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Holding Down the Booth - episode 1, on the grass

Safety at the shows for ourselves, our work and our displays is paramount. This is part one of my project, Holding Down the Booth, photos from various art fairs. 

1. The basic:

2. The stake:

3. The ubiquitous pvc filled with concrete:

4. Two choices, not sure what that is on the left, but how did they fasten that concrete block to the tent?

5. The tractor weight, hooked to a bungee?

6. Serious about PVC!

7. Big tent, making sure with backup:

Any pros or cons about any of these systems? What do you use?

Views: 2410

Comment by Greg Little on March 7, 2015 at 1:59pm
Bungee cords to hold weights doesn't seem secure enough for my personal taste. I've popped a few bungee cords over the years on other uses and wouldn't use them on my tent. I use dumbell weights set on end with a 3/8' eye bolt threaded into the end. I secure these with 3/8" rope ratchets and secure the dumbells to the tent legs with web straps.
Comment by Richard L. Sherer on March 7, 2015 at 9:50pm

"Tie out" and similar stakes that screw into the ground are often prohibited because the park etc. has underground sprinkler systems and they don't want their pipes penetrated by the stake. 

Comment by Richard L. Sherer on March 7, 2015 at 9:53pm

A local show now does not want artists to use water or sand filled containers. I have no idea for this reasoning but I will have to make some PVC weights. I have used 5 gallon covered buckets of water for over 20 years.

Comment by Ginny Herzog on March 7, 2015 at 10:58pm
Connie – if the bottom photo is of the Eaton Stack On canopy weights, I have been using these for nearly 20 years. They work well on both grass and hard surfaces. Of all the other options are as shown, they would be the quickest to use. Love mine!
Comment by Camryn Forrest on March 7, 2015 at 11:50pm

We use pvc pipe filled with concrete - and before adding the cement, we screwed handles on the sides of the pvc. It's great for two reasons: 1, you can use the handles to help carry the heavy pipe pieces safely, and 2, you can weave white rope through the handles to hold the pipe where you want it, so it's not swinging about.
Next show, I'll try to take photos.

Comment by Camryn Forrest on March 7, 2015 at 11:58pm

found one photo showing the handles at least ... we used SUPER long screws for the handles, and of course placed them before filling pvc with cement, so that the cement is holding the screws in place.

Comment by Kathleen Eaton on March 8, 2015 at 12:56pm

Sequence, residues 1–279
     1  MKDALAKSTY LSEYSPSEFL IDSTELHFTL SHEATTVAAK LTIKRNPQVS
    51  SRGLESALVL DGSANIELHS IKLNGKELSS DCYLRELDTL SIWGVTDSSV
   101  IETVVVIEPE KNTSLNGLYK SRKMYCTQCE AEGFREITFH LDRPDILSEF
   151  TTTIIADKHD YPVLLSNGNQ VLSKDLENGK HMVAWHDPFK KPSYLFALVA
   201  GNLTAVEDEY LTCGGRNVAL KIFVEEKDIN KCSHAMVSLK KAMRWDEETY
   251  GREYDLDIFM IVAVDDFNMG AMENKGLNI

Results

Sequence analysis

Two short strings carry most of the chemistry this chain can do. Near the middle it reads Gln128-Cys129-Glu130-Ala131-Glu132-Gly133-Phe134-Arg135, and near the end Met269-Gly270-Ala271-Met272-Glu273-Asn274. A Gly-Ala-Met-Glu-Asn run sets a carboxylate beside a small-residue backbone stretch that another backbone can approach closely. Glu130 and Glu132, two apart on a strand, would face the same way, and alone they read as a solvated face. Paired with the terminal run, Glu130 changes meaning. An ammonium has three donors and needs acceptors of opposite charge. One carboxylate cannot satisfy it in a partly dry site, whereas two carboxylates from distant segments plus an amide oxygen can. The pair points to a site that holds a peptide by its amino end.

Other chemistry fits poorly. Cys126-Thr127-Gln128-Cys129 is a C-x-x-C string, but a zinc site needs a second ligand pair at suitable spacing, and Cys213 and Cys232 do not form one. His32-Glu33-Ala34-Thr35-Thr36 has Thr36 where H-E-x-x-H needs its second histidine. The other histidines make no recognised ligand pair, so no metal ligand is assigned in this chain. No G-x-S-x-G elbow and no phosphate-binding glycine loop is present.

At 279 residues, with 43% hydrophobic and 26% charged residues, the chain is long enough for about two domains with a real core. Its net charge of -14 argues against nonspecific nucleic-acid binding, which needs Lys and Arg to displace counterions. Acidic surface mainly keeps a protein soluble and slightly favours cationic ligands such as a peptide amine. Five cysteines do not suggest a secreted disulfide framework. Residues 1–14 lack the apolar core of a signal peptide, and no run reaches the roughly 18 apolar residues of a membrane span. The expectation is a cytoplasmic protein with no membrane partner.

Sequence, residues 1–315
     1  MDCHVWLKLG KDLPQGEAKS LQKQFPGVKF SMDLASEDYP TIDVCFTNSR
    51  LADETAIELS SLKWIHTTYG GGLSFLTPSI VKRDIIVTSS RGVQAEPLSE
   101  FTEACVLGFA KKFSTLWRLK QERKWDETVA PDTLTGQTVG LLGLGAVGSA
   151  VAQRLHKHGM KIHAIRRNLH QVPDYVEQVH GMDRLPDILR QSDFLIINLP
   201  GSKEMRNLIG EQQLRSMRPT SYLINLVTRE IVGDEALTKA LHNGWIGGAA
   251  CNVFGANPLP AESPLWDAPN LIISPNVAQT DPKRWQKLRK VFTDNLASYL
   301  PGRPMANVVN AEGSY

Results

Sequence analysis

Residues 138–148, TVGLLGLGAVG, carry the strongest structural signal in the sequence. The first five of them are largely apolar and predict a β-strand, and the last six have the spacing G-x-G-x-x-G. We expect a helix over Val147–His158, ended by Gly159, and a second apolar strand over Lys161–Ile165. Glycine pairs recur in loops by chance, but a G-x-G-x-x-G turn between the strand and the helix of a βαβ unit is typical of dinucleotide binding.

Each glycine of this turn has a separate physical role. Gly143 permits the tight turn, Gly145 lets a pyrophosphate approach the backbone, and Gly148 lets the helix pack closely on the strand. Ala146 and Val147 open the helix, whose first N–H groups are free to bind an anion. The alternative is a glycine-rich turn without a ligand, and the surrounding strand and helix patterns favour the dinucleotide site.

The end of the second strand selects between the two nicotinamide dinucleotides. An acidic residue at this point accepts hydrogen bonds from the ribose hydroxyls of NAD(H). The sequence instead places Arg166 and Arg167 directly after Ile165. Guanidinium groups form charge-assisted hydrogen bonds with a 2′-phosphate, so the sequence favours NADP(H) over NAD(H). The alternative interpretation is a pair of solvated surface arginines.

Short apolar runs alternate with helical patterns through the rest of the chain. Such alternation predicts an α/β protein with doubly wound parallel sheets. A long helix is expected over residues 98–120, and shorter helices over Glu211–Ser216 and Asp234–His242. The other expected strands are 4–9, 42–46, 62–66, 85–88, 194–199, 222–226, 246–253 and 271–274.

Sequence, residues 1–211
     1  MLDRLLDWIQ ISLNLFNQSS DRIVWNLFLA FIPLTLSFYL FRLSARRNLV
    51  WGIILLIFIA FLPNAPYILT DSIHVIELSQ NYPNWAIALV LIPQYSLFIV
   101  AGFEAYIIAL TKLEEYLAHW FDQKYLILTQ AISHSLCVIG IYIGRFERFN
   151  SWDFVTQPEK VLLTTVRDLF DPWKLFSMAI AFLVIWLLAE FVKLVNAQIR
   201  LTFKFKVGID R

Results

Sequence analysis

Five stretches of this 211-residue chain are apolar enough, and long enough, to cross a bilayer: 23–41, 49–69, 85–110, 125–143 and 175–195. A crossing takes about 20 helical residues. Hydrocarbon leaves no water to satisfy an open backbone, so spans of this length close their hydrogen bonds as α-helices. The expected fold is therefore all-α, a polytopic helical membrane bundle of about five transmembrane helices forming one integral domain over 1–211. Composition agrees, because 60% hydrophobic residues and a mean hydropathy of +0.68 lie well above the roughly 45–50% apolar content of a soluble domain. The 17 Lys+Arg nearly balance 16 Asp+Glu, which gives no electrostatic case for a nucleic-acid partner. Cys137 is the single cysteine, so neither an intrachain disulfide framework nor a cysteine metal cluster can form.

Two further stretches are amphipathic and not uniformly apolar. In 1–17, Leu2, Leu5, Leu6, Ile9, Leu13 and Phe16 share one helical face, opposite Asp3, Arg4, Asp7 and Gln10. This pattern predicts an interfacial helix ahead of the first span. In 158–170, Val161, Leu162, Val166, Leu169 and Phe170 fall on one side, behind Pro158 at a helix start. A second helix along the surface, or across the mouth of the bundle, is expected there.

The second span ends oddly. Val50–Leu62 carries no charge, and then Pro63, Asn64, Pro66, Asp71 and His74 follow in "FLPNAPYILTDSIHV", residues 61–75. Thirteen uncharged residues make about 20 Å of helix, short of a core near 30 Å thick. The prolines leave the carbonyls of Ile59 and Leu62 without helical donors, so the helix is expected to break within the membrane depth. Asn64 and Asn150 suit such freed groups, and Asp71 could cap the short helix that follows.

The same company that now sells the Eaton  stackable weights has come out with a new design that is less expensive and is somewhat similar to the PVC weights but less bulky and heavier. They are called the 'Ingot' also be seen at

Comment by Camryn Forrest on March 8, 2015 at 4:25pm

As some folks have mentioned, you get more use of the weight when it is NOT resting on the ground, but is hanging and pulling on the tent that way.

Comment by Greg Little on March 8, 2015 at 4:37pm
I hang my weights suspended from the top corners but also fasten them near the bottom so they won't sway around but ...theey can also be on the inside at night and out of the way of intefering with zippin' up the tent sides.
Comment by Gayle Knapp on March 9, 2015 at 9:12am

I make my own PVC/concrete weights. Since I have to carry them I make each at 25-30 lbs and have two per leg for shows that require 50+ lb/leg and for times of high wind conditions. If the weather is balmy I might place only one/leg. I suspend the weights from the top corners of the booth with them just touching the ground and held in place by either heavy-duty velcro straps (preferred) or bungees (not trusted reliably). I use clothesline (uncoated rope) that is tied at the eye-screw set in the concrete. I loop the line over the top "rafter" of the leg and use a carabiner to hook into the eye-screw. Length of the rope is adjusted via a secure sliding knot.

I can readily see why shows are starting to forbid water and sand as weights. I've observed vendors simply dumping out the water or sand onto the grass next to their canopy. This creates a mess (sand or mud) AND can kill the grass as well as create a hazard for pedestrians (visitors or other vendors).


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